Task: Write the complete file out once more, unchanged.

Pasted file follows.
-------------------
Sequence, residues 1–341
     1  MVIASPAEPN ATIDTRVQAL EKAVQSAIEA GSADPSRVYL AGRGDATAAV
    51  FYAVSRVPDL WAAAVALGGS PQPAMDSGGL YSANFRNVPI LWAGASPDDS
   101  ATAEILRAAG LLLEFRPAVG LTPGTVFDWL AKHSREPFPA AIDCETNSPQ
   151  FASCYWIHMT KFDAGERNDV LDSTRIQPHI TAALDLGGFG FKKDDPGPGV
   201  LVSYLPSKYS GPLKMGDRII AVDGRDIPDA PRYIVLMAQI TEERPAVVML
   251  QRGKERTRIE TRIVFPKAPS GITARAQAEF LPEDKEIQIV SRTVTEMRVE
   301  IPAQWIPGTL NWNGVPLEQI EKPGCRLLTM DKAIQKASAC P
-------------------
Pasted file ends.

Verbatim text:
Sequence, residues 1–341
     1  MVIASPAEPN ATIDTRVQAL EKAVQSAIEA GSADPSRVYL AGRGDATAAV
    51  FYAVSRVPDL WAAAVALGGS PQPAMDSGGL YSANFRNVPI LWAGASPDDS
   101  ATAEILRAAG LLLEFRPAVG LTPGTVFDWL AKHSREPFPA AIDCETNSPQ
   151  FASCYWIHMT KFDAGERNDV LDSTRIQPHI TAALDLGGFG FKKDDPGPGV
   201  LVSYLPSKYS GPLKMGDRII AVDGRDIPDA PRYIVLMAQI TEERPAVVML
   251  QRGKERTRIE TRIVFPKAPS GITARAQAEF LPEDKEIQIV SRTVTEMRVE
   301  IPAQWIPGTL NWNGVPLEQI EKPGCRLLTM DKAIQKASAC P